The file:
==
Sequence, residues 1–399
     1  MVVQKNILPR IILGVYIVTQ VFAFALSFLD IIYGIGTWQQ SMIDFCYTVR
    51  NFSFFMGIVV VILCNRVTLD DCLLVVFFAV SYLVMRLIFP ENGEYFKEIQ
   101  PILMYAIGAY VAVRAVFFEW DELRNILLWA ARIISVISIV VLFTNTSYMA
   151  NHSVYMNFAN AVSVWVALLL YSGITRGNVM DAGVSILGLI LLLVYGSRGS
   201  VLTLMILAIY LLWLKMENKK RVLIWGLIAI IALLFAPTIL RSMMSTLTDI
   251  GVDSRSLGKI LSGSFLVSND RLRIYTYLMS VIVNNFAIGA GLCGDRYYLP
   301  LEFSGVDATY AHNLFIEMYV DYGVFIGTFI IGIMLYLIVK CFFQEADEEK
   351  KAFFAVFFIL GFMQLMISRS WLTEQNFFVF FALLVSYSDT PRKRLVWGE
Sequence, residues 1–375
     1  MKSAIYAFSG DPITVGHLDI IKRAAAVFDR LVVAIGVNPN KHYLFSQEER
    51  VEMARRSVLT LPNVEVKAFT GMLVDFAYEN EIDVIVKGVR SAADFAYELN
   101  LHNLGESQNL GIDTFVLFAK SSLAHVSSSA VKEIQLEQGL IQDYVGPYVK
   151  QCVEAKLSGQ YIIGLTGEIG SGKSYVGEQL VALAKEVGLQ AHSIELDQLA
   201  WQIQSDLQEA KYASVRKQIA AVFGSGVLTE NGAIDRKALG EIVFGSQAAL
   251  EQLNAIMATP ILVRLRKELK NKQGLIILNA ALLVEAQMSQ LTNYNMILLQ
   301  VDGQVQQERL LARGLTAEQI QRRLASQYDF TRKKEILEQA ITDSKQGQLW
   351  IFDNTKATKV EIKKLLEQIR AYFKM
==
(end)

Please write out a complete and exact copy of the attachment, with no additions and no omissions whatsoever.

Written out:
Sequence, residues 1–399
     1  MVVQKNILPR IILGVYIVTQ VFAFALSFLD IIYGIGTWQQ SMIDFCYTVR
    51  NFSFFMGIVV VILCNRVTLD DCLLVVFFAV SYLVMRLIFP ENGEYFKEIQ
   101  PILMYAIGAY VAVRAVFFEW DELRNILLWA ARIISVISIV VLFTNTSYMA
   151  NHSVYMNFAN AVSVWVALLL YSGITRGNVM DAGVSILGLI LLLVYGSRGS
   201  VLTLMILAIY LLWLKMENKK RVLIWGLIAI IALLFAPTIL RSMMSTLTDI
   251  GVDSRSLGKI LSGSFLVSND RLRIYTYLMS VIVNNFAIGA GLCGDRYYLP
   301  LEFSGVDATY AHNLFIEMYV DYGVFIGTFI IGIMLYLIVK CFFQEADEEK
   351  KAFFAVFFIL GFMQLMISRS WLTEQNFFVF FALLVSYSDT PRKRLVWGE
Sequence, residues 1–375
     1  MKSAIYAFSG DPITVGHLDI IKRAAAVFDR LVVAIGVNPN KHYLFSQEER
    51  VEMARRSVLT LPNVEVKAFT GMLVDFAYEN EIDVIVKGVR SAADFAYELN
   101  LHNLGESQNL GIDTFVLFAK SSLAHVSSSA VKEIQLEQGL IQDYVGPYVK
   151  QCVEAKLSGQ YIIGLTGEIG SGKSYVGEQL VALAKEVGLQ AHSIELDQLA
   201  WQIQSDLQEA KYASVRKQIA AVFGSGVLTE NGAIDRKALG EIVFGSQAAL
   251  EQLNAIMATP ILVRLRKELK NKQGLIILNA ALLVEAQMSQ LTNYNMILLQ
   301  VDGQVQQERL LARGLTAEQI QRRLASQYDF TRKKEILEQA ITDSKQGQLW
   351  IFDNTKATKV EIKKLLEQIR AYFKM